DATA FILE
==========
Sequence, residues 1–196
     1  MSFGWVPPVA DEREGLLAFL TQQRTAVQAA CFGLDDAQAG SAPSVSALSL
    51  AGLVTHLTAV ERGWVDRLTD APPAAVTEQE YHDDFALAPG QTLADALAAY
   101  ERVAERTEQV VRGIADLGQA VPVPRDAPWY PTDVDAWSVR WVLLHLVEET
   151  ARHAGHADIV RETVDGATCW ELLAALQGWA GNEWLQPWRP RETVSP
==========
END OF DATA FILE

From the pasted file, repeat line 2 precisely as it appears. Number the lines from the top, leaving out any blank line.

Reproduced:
     1  MSFGWVPPVA DEREGLLAFL TQQRTAVQAA CFGLDDAQAG SAPSVSALSL